When United began life under Van Gaal on their pre-season tour of the United States, the Dutchman unveiled a 3-5-2 formation which quickly won praise.
That was the formation that took the field for United’s first home game of the Premier League season, against Swansea City, but it lasted just 45 minutes as injuries forced a switch to a more familiar 4-4-2 line-up during the 2-1 defeat.
With the addition of Daley Blind, Angel Di Maria, Marcos Rojo and Radamel Falcao during the final days of the transfer window last month, Van Gaal should not need to change formation due to lack of options.
But it is the abundance of attacking talent at his disposal that is likely to lead to a pragmatic approach to formation.
For while pundits have obsessed throughout the past two months about ‘three at the back’, the Dutchman has always been clear that there are many different formations he can deploy.
Even after the triumphant debut of his new system in the 7-0 win over L.A Galaxy in Pasadena, Van Gaal pointed out that he was flexible.
“I can change back if the system doesn’t work,” he said.
What Van Gaal appeared to be doing during pre-season was making sure his team were familiar with a system that he has used so that they could add that option to the formations that were already part of their football educations.
“They know already the other system (4-4-2 or 4-3-3); they have played that from their youth, so that’s easy,” he said during the tour, before quickly adding a reminder that even with the Netherlands he was never reluctant to alternate.
“You saw that in the game against Mexico – I’m sorry to say that when we were 1-0 down I changed the system to 4-3-3 and then we beat them,” he said.
On Sunday, United’s second attempt at a re-launch was an entertaining 4-0 rout of Queens Park Rangers using an ‘old-fashioned’ four-man defence.
Again Van Gaal answered the inevitable questions with pragmatic reasoning.
“I could hardly play with five defenders because (Chris) Smalling and (Phil) Jones were injured,” he said.
The debate over formations is, in any case, becoming meaningless in modern football.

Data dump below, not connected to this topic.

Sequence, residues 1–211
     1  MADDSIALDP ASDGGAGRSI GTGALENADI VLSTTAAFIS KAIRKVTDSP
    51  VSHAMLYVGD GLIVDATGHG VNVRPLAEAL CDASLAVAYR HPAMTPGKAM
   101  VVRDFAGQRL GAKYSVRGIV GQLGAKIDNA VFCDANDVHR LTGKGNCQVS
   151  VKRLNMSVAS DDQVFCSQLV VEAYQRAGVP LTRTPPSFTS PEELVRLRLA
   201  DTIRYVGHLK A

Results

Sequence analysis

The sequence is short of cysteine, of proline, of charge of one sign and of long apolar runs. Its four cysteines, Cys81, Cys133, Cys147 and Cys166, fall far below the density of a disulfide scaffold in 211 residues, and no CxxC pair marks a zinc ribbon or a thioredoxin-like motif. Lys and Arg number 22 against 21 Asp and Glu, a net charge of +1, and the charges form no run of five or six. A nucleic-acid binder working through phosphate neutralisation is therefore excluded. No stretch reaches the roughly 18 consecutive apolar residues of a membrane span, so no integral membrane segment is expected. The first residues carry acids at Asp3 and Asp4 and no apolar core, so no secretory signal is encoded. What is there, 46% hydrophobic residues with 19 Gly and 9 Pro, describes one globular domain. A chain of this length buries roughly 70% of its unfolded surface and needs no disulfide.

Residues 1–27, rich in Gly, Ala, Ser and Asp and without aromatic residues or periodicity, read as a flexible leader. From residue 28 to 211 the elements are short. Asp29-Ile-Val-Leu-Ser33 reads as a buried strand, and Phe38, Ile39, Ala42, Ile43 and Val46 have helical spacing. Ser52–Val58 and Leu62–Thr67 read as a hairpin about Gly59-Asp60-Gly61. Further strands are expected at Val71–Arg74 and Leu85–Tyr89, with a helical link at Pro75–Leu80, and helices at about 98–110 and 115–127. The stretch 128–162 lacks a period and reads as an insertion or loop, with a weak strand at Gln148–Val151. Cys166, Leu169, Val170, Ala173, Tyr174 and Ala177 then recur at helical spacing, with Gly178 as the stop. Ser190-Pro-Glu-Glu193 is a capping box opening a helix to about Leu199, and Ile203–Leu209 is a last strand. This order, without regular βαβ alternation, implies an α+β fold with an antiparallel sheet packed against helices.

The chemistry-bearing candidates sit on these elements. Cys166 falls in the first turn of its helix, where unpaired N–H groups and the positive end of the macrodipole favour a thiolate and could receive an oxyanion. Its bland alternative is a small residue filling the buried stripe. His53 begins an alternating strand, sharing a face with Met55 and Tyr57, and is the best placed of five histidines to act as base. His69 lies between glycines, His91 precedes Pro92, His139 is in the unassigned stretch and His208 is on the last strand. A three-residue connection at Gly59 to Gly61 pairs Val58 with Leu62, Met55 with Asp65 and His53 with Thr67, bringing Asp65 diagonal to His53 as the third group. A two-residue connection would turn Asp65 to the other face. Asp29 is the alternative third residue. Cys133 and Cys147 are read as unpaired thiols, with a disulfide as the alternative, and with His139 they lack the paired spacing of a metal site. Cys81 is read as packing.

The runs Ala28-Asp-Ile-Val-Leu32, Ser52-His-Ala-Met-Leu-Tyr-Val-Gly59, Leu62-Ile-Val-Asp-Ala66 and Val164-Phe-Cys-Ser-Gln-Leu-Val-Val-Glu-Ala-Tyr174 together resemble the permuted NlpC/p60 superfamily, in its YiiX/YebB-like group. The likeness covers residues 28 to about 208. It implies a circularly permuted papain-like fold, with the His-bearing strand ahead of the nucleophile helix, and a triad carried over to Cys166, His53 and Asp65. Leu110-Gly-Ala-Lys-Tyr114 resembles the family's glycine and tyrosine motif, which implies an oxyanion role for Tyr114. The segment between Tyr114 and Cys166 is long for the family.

While commentators and analysts talk of various combinations of numbers and midfield ‘diamonds’ the reality is that the game has changed enormously, with individual players covering so much more of the field, meaning that strict definitions of ‘lines’ is close to being obsolete.
The role of the full back has been transformed over the past decade and it is often hard to define whether they should be counted as part of a back line or a midfield.
Before the World Cup, former Germany coach and current United States head coach Juergen Klinsmann challenged the fixation.
“It always sounds cool when you talk about 4-3-3 or 4-4-2 or 4-4-2 diamond but it’s actually useless,” said the former Bayern Munich and Tottenham forward.
“All these discussions…are not up to speed anymore. The systems are not the key – they were maybe 10-15 years ago”.
For Klinsmann, the fact that midfielders become forwards when their teams have the ball means that talk of a ‘lone striker’ or ‘two up front’ is meaningless.
There was no better example of that than United’s win on Sunday with Juan Mata and Di Maria frequently featuring in dangerous positions near the opposition goal and Wayne Rooney happy to drop deeper at times.
Blind and Ander Herrera had mainly defensive responsibilities in midfield and the other four attacking players were charged with different roles. So 4-4-2, 4-3-3 or 4-2-4?
The new-look United are by no means alone in this approach.
None of Chelsea’s trio of Oscar, Eden Hazard and Andre Schuerrle could be simply described as midfielders or strikers and Liverpool’s Raheem Sterling does not fit easily into one category.
The days when dividing 10 by three was a useful way of describing a team’s approach are probably over.
And with Colombian striker Falcao still to be integrated, Van Gaal is unlikely to make himself a prisoner of numbers.
(Editing by Ed Osmond)